This is a paper presented by Stéphanie Guimond, a recent graduate of the Global Digital Marketing and Localization Certification (GDMLC) program. This paper presents the work being produced by students of The Localization Institute’s Global Digital Marketing and Localization Certificate program. The contents of this Paper are presented to create discussion in the global marketing industry on this topic; the contents of this paper are not to be considered an adopted standard of any kind. This does not represent the official position of Brand2Global Conference, The Localization Institute, or the author’s organization.


I need a hero!

Companies taking political stands in digital media

In the not-so-distant past, most American companies would steer clear of political issues, thinking it better to remain neutral. Companies and their CEOs considered wading into political waters dangerous, taking a position on the issues of the day risky. With the rise of the Me Too, Black Lives Matter, and Never Again movements, and with Donald Trump as president, we are witnessing a change in the kinds of messages companies are putting out in their digital media. Companies are starting to consider associating themselves with the right cause less risky than taking no stand at all. This new attitude extends all the way to the C-suite, with frontline executives becoming “activist CEOs”, as Aaron Chatterji and Michael Toffel (2018) of the Harvard Business review call them (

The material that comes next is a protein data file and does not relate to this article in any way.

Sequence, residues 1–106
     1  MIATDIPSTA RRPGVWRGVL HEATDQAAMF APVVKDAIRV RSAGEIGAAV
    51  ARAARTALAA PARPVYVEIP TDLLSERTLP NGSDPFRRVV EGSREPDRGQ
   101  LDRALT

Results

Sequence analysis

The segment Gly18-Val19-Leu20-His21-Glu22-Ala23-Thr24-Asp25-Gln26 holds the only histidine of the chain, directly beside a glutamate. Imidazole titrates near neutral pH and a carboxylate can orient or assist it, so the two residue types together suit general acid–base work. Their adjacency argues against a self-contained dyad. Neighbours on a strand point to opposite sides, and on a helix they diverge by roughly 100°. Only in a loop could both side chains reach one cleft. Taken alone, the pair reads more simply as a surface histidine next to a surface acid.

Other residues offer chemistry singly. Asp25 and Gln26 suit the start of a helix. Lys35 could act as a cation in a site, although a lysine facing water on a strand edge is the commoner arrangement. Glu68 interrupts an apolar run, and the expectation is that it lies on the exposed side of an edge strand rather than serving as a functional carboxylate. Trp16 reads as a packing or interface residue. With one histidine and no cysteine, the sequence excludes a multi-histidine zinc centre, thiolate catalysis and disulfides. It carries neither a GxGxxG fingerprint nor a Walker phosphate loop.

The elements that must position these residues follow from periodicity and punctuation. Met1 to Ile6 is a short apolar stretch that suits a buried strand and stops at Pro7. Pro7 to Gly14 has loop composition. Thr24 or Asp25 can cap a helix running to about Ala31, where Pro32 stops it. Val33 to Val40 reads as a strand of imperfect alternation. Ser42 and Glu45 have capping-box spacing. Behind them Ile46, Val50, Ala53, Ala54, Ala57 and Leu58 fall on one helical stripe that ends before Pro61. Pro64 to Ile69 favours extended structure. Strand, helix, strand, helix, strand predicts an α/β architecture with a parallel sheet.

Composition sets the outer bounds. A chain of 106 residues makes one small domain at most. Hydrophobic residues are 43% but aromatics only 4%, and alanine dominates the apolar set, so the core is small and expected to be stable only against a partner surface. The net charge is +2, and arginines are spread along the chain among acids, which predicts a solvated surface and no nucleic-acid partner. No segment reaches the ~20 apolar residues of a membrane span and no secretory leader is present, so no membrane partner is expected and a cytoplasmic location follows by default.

While hitting the right note with customers on an issue of the day can be a great way to connect with them and express your company’s values, getting a political message wrong can be devastating and cause lasting damage to a brand. Companies must carefully research and manage the risks involved with taking a political stand. Messages must be sincere and align with a company’s actual values, as well as those of their customers. Having a diverse staff can help define a political stand by providing many different perspectives on it, but this is not enough. Creating a space in which people can express honest opinions on strategies that stretch limits without fear of reprisal is critical to making the blending of politics and digital media content work. As people who must constantly consider issues of culture, ethnicity, politics, language, and gender when creating content, localizers are particularly well-suited to helping guide how companies communicate political stands.

Why is the trend of companies taking political stands happening?